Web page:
“I want what is best for the good of all citizens of our county,” he said. “I don’t care if you are from Cleveland or Gold Hill, Landis or East Spencer, Salisbury or anywhere in between, I am your commissioner.”
In looking out for all citizens, Julian stressed a need to use the former Salisbury Mall, now West End Plaza, to its fullest potential. He also said the expansion of water and sewer throughout the county at large would be necessary for growth.
“Some say we would do it if we could afford it, but we can’t afford not to do it,” he said.
Asking for citizens’ votes, Julian cited 20 years of volunteerism within the county: he’s read with students in elementary school and mentored those in high school. He said his work with various organizations has helped him see things that need to change.
“I see a need to try and help our county progress and our county to grow. Positive leadership is what we need,” he said. “… I want what is best for our students and families of Rowan.”
For Klusman, her priorities on the Board of Commissioners complement her chosen profession as a Lutheran minister: she’s all about people.
She has a passion for working to improve both the health and education of the Rowan County community.
She’s working with the Health Department and law enforcement to address the opioid crisis, to ensure children receive dental care and to promote early literacy.
“I am a very big proponent of children being able to read very early in life,” she said. “… Without reading skills, the world just passes you by.”
Klusman said the county has been making strides in recent years to improve, increasing wages of teachers and county employees.
“We were lagging behind before and losing folks,” she said, then praised the county’s ability to make these improvements without raising taxes.
“It takes teamwork and I think that’s important for people to know that I work together with this team,” she said.
Klusman’s work impacts those of every socioeconomic and cultural background, and she said pointedly: if re-elected, she won’t focus on the needs of only one group.
“We don’t just represent the people who voted for us,” said Klusman. “We represent everyone. Everyone is welcome to call and make suggestions and point out things that need to be fixed.”
Pierce said that his priority is making sure that the needs of the citizens are met.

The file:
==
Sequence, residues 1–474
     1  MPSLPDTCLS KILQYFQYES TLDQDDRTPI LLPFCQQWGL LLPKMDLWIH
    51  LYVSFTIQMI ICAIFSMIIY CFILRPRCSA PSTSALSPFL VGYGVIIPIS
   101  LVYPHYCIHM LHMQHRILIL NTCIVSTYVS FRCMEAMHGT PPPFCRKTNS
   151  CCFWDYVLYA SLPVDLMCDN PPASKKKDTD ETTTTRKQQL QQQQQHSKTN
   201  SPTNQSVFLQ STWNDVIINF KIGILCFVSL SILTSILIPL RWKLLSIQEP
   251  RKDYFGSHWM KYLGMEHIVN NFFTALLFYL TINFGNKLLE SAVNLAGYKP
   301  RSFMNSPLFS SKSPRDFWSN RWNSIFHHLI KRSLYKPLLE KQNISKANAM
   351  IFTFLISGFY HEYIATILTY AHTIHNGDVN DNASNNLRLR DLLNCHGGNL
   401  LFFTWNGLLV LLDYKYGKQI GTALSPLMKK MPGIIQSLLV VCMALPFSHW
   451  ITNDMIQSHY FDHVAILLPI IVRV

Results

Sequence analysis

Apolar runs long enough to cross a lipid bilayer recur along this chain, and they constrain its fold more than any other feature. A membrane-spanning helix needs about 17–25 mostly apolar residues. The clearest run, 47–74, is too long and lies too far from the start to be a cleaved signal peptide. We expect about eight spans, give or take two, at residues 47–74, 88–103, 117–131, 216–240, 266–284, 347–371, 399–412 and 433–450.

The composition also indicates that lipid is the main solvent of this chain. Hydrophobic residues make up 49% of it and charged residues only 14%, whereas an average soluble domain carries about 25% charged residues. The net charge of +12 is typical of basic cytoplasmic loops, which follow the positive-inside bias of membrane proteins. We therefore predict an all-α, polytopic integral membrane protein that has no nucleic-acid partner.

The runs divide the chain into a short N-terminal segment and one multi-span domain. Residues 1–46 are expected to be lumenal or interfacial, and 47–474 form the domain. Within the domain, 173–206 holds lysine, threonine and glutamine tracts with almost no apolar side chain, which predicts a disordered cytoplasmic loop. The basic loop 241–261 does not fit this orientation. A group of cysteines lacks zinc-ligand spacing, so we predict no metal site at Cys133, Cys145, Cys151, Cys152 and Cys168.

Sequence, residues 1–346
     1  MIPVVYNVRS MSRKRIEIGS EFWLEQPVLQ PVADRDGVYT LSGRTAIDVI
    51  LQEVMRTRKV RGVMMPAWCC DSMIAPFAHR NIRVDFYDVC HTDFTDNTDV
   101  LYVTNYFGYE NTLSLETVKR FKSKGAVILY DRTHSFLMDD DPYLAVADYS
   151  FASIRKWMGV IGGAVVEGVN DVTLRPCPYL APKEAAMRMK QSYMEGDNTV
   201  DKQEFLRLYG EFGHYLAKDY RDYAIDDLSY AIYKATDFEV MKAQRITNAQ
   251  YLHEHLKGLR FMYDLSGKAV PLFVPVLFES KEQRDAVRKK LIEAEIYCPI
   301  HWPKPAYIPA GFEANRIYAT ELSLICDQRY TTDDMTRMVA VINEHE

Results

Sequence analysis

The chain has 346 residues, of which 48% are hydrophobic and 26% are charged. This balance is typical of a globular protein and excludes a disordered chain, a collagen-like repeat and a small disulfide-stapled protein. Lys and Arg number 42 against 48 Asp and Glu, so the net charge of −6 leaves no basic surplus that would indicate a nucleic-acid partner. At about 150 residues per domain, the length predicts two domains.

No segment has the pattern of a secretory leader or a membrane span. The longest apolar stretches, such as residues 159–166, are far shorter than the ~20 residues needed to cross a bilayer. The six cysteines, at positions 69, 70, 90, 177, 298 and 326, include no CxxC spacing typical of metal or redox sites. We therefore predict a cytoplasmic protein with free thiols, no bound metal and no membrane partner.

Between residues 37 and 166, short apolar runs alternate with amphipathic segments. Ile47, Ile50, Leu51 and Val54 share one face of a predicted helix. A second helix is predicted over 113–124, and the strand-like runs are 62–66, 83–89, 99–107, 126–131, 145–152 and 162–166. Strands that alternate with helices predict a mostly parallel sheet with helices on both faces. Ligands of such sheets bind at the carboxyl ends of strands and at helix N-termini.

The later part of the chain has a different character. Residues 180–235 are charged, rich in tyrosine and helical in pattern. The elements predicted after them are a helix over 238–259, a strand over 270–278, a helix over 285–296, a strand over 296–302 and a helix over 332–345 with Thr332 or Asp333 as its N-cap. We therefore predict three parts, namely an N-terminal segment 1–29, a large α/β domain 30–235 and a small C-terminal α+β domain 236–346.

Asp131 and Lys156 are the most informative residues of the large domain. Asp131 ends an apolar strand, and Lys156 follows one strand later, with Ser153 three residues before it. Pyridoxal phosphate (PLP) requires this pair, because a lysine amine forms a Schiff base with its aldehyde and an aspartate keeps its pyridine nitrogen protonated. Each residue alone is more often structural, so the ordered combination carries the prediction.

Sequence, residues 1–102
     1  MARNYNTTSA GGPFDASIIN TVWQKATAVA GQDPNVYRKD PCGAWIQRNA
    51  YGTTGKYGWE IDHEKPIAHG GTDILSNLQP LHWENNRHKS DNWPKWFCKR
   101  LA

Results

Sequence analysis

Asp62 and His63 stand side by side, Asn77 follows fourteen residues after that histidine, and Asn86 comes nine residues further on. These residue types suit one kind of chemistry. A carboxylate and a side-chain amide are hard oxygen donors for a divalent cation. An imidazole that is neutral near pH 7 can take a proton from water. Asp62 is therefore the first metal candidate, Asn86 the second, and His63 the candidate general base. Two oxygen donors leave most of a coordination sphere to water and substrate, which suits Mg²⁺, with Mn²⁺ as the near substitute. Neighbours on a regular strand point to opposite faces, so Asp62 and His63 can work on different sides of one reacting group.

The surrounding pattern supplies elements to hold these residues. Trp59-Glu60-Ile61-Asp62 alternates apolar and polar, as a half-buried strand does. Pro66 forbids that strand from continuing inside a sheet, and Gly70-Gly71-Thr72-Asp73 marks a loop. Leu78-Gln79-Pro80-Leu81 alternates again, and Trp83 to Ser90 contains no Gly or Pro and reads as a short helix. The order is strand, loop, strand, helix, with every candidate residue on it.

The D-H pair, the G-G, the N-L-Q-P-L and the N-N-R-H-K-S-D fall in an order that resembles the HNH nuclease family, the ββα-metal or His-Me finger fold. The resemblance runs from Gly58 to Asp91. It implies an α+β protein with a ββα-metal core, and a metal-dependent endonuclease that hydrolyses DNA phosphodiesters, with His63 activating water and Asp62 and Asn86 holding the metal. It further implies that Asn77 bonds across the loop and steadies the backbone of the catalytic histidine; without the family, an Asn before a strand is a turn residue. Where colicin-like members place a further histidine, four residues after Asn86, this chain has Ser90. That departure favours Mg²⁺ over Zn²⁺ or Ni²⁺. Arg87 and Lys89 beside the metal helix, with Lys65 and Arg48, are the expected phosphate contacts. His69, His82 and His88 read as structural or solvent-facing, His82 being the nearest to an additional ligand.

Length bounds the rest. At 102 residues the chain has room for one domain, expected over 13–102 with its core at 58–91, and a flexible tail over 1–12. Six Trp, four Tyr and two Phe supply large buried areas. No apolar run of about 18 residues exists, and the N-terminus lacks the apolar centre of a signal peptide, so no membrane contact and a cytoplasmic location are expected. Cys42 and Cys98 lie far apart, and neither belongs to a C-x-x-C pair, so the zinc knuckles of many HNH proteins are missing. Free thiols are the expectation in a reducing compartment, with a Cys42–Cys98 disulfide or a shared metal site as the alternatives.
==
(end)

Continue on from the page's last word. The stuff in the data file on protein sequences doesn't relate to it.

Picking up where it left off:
“When I joined the Republican Party I made a commitment to everybody … to do what I could do to foster the party,” he said. “I think I’ve done that. I’ve done that on the commission also.”
Currently, Pierce said the biggest need he sees is water and sewer expansion into the southern end of the county, an initiative he said he’s pushed for since knowing the new interchange was coming to Rowan.
“I knew this would be shot in the arm to be able to have water and sewer in southern and eastern parts of county,” he said.
He said that his experience in construction made him confident that the area hadn’t and wouldn’t develop due to the costly logistics of bringing water and septic to these areas.
“You have to drill such a deep well to get water, that prevented builders from being able to build,” he said.
He said moving the water and sewer project forward hasn’t been easy with the current board composition.
“We all have a different approach,” he said. “ … There’s no consistency in how we want to accomplish making this a better place.”
Pierce’s earlier-than-necessary campaign rests on this project: he said this project is going to need more than two years to be completed, but he wants to see it through to the end.
Jim Sides has been on and off the board since the 1980s, and said he’s always had the same three priorities: fewer taxes, less government and less control.
He said like some who are called to be preachers, teachers or policemen, he’s been drawn to the county commissioners in the same way.
“Serving is a ministry for me. … I just feel like this is my calling,” he said. “It’s been my lifelong dream. Not a lot of people can say that.”
Sides said he prioritized property rights and ending a quarter cent sales tax enacted in 2004.
The citizens should have control of their own property, said Sides, and the county was now in a place to share benefits of growth with its residents.
“I think it’s time to give taxpayers a tax cut,” he said. “… The county should give back to citizens now that it’s taking in additional revenue.”
Moreover, Sides said he felt that tax incentives for businesses were “evil.” It allows the government to choose which businesses succeed if not available to all, he said.
“I love Rowan County and I want the very best possible life for all of our citizens,” he said.
If elected, Sides said he would continue operating as he’s had in the past: with transparency and open doors.